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In our interconnected world is it easier or harder to be authentic?

"Authenticity is the degree to which one is true to one's own personality, spirit, or character, despite external pressures; the conscious self is seen as coming to terms with being in a material world and with encountering external forces, pressures and influences which are very different from, and other than, itself" - Wikipedia

Authenticity is often considered a difficult state to achieve, partly because of the pressure to conform to social constructed norms, and partly due to a person's own character.

Heidegger associated authenticity with non-technological modes of existence, seeing technology as distorting a more "authentic" relationship with the natural world.

Nietzsche lamented "herding animal morality".

Is the diversity of ideas flooding our conscience in the interconnected world fostering independent thought, or is it increasing the pressure to adopt ideals that are not true to ourselves? Does it perpetuate an "illusion of individuality"?

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    Feb 20 2014: well, I would say in an interconnected world there are more opportunities for socializing. I would think as you socialize, if you are inauthentic people will spot it and somehow call you on it, or send you a message that you are being inauthentic. So I would think it is easier.
  • Feb 16 2014: At first I run wild with different names and identities with the freedom of the internet but then I saw what an advantage honest people have on Ebay and Amazon as they built an online reputation. Now I use my real name and try my best to treat other people well and be honest, just like the "real" world.
  • Feb 15 2014: Who evaluates your authenticity?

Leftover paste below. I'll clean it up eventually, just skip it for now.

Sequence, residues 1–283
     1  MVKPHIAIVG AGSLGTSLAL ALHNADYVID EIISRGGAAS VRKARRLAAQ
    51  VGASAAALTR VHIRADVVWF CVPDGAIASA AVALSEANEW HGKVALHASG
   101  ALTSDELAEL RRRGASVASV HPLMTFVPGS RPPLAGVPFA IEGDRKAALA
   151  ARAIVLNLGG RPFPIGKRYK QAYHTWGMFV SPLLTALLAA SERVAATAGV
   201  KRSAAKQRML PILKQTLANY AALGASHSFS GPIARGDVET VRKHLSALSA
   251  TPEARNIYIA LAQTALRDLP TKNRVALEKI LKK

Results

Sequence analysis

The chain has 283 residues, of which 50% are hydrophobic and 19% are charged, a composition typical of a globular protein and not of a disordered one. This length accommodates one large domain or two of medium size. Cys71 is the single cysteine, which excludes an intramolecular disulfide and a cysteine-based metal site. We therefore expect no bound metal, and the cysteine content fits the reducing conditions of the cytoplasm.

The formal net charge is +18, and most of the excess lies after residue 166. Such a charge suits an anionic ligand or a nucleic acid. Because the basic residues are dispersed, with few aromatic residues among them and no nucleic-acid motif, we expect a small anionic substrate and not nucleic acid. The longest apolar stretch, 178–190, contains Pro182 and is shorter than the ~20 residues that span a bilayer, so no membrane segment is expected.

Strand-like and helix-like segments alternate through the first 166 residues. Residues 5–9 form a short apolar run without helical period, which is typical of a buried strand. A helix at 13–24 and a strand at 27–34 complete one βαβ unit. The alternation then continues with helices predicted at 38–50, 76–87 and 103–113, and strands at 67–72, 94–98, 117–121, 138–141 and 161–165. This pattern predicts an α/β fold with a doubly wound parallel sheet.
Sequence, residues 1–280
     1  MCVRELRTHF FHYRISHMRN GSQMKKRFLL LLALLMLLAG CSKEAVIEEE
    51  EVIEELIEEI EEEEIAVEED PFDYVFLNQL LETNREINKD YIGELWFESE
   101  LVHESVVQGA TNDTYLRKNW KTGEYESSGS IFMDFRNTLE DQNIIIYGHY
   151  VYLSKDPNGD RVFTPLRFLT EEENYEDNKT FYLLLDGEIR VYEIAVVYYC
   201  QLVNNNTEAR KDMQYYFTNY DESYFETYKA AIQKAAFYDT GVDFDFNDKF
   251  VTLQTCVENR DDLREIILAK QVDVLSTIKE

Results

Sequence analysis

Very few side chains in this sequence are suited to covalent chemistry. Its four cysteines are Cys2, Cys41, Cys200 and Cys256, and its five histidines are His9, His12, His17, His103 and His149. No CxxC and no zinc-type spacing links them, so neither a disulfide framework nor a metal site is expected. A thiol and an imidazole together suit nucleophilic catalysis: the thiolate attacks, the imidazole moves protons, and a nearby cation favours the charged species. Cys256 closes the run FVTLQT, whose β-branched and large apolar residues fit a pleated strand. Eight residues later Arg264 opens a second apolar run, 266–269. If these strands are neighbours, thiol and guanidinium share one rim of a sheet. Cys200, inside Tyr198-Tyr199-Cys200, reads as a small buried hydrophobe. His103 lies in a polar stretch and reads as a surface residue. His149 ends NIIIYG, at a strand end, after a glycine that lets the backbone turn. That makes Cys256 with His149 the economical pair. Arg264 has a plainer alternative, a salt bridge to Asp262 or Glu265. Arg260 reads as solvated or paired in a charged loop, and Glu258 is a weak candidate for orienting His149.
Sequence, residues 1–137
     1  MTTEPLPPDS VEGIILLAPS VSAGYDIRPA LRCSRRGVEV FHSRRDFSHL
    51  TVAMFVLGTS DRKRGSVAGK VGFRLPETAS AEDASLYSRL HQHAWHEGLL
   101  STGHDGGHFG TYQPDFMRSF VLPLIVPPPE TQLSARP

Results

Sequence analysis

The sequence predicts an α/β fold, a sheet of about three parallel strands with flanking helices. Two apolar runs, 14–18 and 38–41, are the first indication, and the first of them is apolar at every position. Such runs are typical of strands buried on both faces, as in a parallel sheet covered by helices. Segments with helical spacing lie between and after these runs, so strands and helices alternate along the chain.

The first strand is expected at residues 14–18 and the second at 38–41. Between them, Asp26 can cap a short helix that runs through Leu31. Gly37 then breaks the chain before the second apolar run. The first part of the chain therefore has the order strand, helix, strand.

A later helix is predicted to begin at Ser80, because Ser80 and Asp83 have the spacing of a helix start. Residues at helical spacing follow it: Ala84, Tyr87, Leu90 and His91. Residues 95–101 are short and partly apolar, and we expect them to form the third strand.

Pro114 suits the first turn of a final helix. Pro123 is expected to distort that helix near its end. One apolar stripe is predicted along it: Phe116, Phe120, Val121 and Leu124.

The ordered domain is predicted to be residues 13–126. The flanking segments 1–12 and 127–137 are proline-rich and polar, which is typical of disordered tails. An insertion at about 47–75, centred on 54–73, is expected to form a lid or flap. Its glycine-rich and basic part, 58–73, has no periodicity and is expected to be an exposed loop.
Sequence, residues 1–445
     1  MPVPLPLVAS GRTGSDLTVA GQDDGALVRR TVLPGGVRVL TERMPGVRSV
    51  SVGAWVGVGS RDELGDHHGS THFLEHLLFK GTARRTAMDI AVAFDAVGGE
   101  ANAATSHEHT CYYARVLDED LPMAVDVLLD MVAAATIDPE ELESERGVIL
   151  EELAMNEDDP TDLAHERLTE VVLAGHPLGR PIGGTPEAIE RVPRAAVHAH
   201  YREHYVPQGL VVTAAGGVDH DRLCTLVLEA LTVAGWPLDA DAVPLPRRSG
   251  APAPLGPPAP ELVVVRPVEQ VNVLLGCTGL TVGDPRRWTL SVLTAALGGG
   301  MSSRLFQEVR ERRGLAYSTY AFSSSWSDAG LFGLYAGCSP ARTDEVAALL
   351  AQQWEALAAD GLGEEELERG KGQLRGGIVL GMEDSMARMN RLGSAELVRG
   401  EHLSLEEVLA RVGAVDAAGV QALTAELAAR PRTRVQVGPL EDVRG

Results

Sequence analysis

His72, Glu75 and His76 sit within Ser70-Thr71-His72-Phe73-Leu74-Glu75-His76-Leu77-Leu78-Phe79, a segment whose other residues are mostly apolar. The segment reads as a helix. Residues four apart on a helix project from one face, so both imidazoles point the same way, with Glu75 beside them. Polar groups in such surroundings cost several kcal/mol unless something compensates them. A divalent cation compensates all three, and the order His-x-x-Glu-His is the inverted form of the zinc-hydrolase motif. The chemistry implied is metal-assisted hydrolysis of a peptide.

The increase in interconnectedness provides more opportunity to be subjected to other opinions, pressures, influences and the like, but it also offers increased exposure to fresh ideas and new creative thoughts. The degree to which you are influenced by these things is a function of your interpretation of their merit relative to your own thoughts and ideas. Changing your ideas and thoughts because you think the new information is better or more in-line with your values is not loss in authenticity, but rather learning and growing. Loss of authenticity comes when this new information is too readily accepted relative to your previous ideas and thoughts.

    Another question to consider here is 'Does your pursuit of authenticity drive your opinion about the best ideas and thoughts?' I think to be authentic you must truly believe that your thoughts and ideas reflect the best judgement and balance of your past experience and learning. Authenticity is exuded by confidence in thought and action. Your focus at this level is more about what you are doing and thinking rather than what others think you should be doing or thinking.

    I think Heidegger's view was too purist. It is easy to rationalize lack of influence when it is just man against nature. However, there is technology in the real world. Using it to learn, create new things, or be inspired in new areas should not be an attack on one's authenticity.

    I think Nietzche's point about sacrificing authenticity to remain a member of the herd is also purist as the only way to be not influenced by a "herding animal morality" is to live separate from the herd. These animals die after 1 generation.

    Heidegger's point about being to influenced by the convenience of technology and Nietzsche's point about being too influenced by others are good points. People spend a lot of time finding, and then defining themselves and their ideals.

    Authenticity is strength in the belief you act independently.
    • Feb 15 2014: Interesting thoughts Robert.

      No doubt, we're the judge of our authenticity. A task exasperated by our incessant internal dialogue that drifts on our stream of consciousness. The source of which we are only partially aware.

      "Does your pursuit of authenticity drive your opinion about the best ideas and thoughts?'" I think you have hit upon the crux of it…

      What is best? It seems to me our choices are often simply the best way to avoid discord in our lives or the best way to construct a formidable persona to buffer us from judgements that might challenge our sense of self.

      It also seems that our fractured online presence propagates multiple personas in varied virtual psychological environments.I think the lack of unity may hamper our ability to reflect on our core values. It's like cognitive white noise.